Meetings

Lunchtime Links: Could Airbnb Damage the Room Block Model for Events?

By / Jan 21, 2014 Airbnb founder Brian Chesky has played up his company's growth compared to the hotel industry at large in recent months. (photo by Johannes Simon/Getty Images)

Airbnb is growing rapidly, and its impact on the events industry could be even bigger a few years from now, one conference pro argues. Also: Those browser extensions you rely on might be more malicious than you think.

The sharing economy is having a moment right now. Between taxi alternatives like Lyft and task-sharing companies like TaskRabbit, there’s a lot of potential for peer-based startups to break into well-entrenched industries.

One popular startup that’s giving the hotel industry fits, in today’s Lunchtime Links:

Airbnb vs. room blocks: As Associations Now‘s Rob Stott noted in a recent article, a campaign targeting convention-goers is touting the value of traditional hotel room blocks set aside for conferences, but it comes in the face of a tough competitor: Airbnb. Conferences That Work author Adrian Segar ponders the issue, considering the value proposition Airbnb offers, and ultimately sees the potential for the fast-growing company to make a big impact on the meetings business. “As meeting designer who is occasionally given responsibility for attendee accommodations, I fully understand the reasons for room blocks and will continue to use them myself whenever possible,” he says. “The question remains whether more meeting attendees will, like me, join the Airbnb bandwagon and add it to their list of alternatives to the room block. Only time will tell, but my gut feeling is that over the next five to 10 years Airbnb will noticeably reduce the demand for in block housing, creating a significant impact on how we’ll need to plan our meeting accommodations.”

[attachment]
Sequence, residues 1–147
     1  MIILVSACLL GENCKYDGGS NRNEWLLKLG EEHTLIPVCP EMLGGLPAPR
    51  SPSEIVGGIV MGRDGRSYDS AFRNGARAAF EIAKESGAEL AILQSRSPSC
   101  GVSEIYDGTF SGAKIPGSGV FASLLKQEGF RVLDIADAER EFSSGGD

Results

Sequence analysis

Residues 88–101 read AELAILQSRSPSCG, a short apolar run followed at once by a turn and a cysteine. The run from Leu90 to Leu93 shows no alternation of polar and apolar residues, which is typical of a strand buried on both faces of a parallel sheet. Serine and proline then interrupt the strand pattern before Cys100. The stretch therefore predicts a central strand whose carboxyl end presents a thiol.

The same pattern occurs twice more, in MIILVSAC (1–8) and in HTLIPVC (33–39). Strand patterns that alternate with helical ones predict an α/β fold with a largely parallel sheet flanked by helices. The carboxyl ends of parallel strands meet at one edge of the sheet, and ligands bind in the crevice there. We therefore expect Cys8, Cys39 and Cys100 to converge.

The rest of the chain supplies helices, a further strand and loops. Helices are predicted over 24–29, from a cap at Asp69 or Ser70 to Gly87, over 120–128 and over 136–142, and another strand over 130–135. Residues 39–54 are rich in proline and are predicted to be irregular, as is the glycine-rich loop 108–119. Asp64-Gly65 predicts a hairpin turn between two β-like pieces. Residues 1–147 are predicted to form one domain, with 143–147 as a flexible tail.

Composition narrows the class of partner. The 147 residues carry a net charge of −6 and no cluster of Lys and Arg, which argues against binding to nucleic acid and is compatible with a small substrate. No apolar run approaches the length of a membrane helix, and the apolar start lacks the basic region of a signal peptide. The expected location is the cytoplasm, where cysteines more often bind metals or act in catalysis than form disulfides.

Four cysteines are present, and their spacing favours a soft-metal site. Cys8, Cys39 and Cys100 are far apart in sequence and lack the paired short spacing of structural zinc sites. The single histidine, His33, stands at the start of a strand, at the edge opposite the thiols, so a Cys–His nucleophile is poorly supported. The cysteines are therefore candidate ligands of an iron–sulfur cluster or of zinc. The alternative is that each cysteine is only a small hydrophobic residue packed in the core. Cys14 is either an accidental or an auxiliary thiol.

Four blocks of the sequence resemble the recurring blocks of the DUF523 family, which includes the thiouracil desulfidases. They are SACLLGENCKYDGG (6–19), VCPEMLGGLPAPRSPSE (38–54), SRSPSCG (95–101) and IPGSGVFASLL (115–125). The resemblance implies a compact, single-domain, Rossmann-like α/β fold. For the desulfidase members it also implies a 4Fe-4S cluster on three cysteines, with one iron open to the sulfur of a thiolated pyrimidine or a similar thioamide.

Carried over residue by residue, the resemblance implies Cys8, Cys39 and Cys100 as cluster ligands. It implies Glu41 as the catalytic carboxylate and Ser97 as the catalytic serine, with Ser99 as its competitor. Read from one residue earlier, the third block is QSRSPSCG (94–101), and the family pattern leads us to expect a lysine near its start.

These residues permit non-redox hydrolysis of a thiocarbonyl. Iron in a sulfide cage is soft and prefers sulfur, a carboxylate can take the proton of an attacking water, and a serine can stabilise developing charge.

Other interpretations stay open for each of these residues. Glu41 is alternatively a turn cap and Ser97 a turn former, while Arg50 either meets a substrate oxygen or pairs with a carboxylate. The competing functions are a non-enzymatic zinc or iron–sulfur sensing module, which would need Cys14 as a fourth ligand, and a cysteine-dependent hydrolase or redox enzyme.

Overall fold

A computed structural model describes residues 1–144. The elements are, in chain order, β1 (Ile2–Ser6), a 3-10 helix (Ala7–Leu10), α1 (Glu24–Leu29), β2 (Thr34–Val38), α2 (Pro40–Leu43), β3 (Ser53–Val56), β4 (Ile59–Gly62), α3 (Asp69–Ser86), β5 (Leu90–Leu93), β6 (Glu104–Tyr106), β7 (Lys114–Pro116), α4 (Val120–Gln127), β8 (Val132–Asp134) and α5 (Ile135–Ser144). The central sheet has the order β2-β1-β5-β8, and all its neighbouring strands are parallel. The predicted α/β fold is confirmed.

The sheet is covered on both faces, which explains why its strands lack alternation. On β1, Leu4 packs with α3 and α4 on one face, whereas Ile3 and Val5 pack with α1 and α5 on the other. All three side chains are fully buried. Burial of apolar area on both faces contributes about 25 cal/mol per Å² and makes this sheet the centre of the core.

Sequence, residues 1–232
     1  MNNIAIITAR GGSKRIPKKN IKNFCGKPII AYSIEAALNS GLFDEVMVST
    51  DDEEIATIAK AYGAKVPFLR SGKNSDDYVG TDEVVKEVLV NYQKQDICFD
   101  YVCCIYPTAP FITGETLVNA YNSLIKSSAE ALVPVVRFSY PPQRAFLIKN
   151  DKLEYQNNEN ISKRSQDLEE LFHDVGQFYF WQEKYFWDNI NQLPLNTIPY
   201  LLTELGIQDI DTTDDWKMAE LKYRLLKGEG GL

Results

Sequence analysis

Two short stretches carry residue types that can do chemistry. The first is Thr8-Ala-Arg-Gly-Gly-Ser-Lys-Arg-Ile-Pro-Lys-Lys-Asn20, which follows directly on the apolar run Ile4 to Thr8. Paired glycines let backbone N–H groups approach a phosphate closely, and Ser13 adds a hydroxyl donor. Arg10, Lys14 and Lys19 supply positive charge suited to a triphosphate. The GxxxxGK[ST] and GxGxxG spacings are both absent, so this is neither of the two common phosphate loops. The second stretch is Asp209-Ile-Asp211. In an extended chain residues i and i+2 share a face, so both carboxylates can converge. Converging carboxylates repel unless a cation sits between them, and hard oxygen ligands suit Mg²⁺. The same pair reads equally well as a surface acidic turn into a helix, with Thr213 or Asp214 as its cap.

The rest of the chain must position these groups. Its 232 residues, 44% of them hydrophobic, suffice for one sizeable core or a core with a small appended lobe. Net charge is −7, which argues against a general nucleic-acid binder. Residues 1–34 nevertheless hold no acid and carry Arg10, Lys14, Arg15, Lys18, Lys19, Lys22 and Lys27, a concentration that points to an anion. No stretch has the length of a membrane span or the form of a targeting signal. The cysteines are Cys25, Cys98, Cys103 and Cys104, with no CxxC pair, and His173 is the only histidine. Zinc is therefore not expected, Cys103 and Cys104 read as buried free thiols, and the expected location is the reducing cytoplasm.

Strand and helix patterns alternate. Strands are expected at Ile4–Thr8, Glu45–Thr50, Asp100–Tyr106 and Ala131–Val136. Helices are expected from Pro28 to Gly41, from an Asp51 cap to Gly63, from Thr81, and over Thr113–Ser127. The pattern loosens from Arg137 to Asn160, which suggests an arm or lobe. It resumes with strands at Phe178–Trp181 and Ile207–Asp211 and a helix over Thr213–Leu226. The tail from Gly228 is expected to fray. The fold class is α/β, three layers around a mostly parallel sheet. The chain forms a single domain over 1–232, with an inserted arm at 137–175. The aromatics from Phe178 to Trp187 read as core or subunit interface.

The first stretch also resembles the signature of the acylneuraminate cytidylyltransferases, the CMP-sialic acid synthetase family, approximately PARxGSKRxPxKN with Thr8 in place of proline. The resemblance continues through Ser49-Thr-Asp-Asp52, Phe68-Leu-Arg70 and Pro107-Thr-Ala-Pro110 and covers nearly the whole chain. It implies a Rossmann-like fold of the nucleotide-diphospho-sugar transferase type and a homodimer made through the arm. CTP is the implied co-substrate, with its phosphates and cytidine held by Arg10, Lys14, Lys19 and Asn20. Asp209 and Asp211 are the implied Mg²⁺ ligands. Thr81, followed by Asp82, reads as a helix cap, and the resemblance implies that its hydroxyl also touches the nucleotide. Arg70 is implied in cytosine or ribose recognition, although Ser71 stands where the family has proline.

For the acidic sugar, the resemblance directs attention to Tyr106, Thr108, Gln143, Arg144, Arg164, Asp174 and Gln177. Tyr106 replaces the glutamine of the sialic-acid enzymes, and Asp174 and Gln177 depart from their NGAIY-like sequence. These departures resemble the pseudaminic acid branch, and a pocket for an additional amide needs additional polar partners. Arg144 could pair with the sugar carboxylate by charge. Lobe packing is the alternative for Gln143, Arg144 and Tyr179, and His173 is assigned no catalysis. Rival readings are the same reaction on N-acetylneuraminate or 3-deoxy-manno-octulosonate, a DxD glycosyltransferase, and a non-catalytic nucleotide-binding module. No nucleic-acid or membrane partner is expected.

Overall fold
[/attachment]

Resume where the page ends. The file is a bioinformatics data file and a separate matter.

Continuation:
Alarming add-ons: For many users, they may be the best parts of Chrome and Firefox. But according to a series of recent reports from Ars Technica and LifeHacker, a number of popular browser extensions or plug-ins may be adding a few things you probably don’t want on your computer—including adware and cookies that track your every move. The problem for users is that the apps’ status as malware was something of a bait-and-switch. Users would install the extensions, only for the developers to sell them to companies that later added an automatic update placing unwanted ads on various sites. The tech site HowToGeek has a list of plug-ins to watch out for.

Time to simplify? Simple, flat, static, and with a lot of scrolling. That’s where web design is heading in 2014, according to Frogloop’s Allyson Kapin, who offered a quick overview of the landscape to SocialFish. One thing that’s on the way out, apparently? The Javascript-based slider, an old standby for organizational websites. “Organizations have loved sliders for the past few years because it provided an easy way to highlight key priorities for the organization,” she writes. “However, over the years, some data shows it’s only the first slider that generates much clicks.” Instead of several images in an animated slider, expect a single, larger image—a change that might pose a problem for organizations without an on-staff graphic designer.

What’s the coolest association site you’ve seen lately? Tell us all about it in the comments.

Ernie Smith

Ernie Smith is the social media journalist for Associations Now, a former newspaper guy, and a man who is dangerous when armed with a good pun. More »

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